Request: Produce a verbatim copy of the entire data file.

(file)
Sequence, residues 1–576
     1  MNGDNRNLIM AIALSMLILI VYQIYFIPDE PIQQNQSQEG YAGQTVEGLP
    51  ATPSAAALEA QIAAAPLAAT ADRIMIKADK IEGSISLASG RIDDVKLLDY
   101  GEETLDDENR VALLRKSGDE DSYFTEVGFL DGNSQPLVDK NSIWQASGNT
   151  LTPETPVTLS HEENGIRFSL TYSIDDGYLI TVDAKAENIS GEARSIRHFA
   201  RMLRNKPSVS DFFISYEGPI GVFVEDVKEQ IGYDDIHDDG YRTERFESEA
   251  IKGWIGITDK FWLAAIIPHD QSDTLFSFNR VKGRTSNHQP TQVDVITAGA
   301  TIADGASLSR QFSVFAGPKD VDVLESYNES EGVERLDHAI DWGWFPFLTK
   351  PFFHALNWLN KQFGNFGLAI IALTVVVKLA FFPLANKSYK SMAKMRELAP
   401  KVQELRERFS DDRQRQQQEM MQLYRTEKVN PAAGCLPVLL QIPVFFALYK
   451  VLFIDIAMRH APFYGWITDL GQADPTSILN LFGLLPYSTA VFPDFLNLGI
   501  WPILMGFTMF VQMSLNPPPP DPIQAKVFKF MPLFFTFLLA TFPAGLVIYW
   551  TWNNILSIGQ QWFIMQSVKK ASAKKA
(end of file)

Sequence, residues 1–576
     1  MNGDNRNLIM AIALSMLILI VYQIYFIPDE PIQQNQSQEG YAGQTVEGLP
    51  ATPSAAALEA QIAAAPLAAT ADRIMIKADK IEGSISLASG RIDDVKLLDY
   101  GEETLDDENR VALLRKSGDE DSYFTEVGFL DGNSQPLVDK NSIWQASGNT
   151  LTPETPVTLS HEENGIRFSL TYSIDDGYLI TVDAKAENIS GEARSIRHFA
   201  RMLRNKPSVS DFFISYEGPI GVFVEDVKEQ IGYDDIHDDG YRTERFESEA
   251  IKGWIGITDK FWLAAIIPHD QSDTLFSFNR VKGRTSNHQP TQVDVITAGA
   301  TIADGASLSR QFSVFAGPKD VDVLESYNES EGVERLDHAI DWGWFPFLTK
   351  PFFHALNWLN KQFGNFGLAI IALTVVVKLA FFPLANKSYK SMAKMRELAP
   401  KVQELRERFS DDRQRQQQEM MQLYRTEKVN PAAGCLPVLL QIPVFFALYK
   451  VLFIDIAMRH APFYGWITDL GQADPTSILN LFGLLPYSTA VFPDFLNLGI
   501  WPILMGFTMF VQMSLNPPPP DPIQAKVFKF MPLFFTFLLA TFPAGLVIYW
   551  TWNNILSIGQ QWFIMQSVKK ASAKKA